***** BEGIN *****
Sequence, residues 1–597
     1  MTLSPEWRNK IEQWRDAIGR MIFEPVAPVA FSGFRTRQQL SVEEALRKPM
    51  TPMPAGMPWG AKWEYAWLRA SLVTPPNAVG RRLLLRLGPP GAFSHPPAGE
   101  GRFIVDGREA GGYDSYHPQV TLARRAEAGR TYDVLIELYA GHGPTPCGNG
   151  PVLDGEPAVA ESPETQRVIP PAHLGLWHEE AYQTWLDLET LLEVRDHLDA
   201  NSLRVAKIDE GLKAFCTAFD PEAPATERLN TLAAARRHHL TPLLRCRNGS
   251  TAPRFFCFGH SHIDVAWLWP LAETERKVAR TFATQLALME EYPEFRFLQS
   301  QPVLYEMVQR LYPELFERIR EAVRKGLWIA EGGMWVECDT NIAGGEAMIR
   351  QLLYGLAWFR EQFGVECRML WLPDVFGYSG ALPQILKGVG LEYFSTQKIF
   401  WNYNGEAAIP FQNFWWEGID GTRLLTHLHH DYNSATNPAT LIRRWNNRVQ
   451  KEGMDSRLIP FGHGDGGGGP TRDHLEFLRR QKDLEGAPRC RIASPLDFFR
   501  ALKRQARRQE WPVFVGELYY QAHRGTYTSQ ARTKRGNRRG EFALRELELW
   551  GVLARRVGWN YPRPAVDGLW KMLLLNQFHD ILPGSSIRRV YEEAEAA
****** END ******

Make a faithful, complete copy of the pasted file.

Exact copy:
Sequence, residues 1–597
     1  MTLSPEWRNK IEQWRDAIGR MIFEPVAPVA FSGFRTRQQL SVEEALRKPM
    51  TPMPAGMPWG AKWEYAWLRA SLVTPPNAVG RRLLLRLGPP GAFSHPPAGE
   101  GRFIVDGREA GGYDSYHPQV TLARRAEAGR TYDVLIELYA GHGPTPCGNG
   151  PVLDGEPAVA ESPETQRVIP PAHLGLWHEE AYQTWLDLET LLEVRDHLDA
   201  NSLRVAKIDE GLKAFCTAFD PEAPATERLN TLAAARRHHL TPLLRCRNGS
   251  TAPRFFCFGH SHIDVAWLWP LAETERKVAR TFATQLALME EYPEFRFLQS
   301  QPVLYEMVQR LYPELFERIR EAVRKGLWIA EGGMWVECDT NIAGGEAMIR
   351  QLLYGLAWFR EQFGVECRML WLPDVFGYSG ALPQILKGVG LEYFSTQKIF
   401  WNYNGEAAIP FQNFWWEGID GTRLLTHLHH DYNSATNPAT LIRRWNNRVQ
   451  KEGMDSRLIP FGHGDGGGGP TRDHLEFLRR QKDLEGAPRC RIASPLDFFR
   501  ALKRQARRQE WPVFVGELYY QAHRGTYTSQ ARTKRGNRRG EFALRELELW
   551  GVLARRVGWN YPRPAVDGLW KMLLLNQFHD ILPGSSIRRV YEEAEAA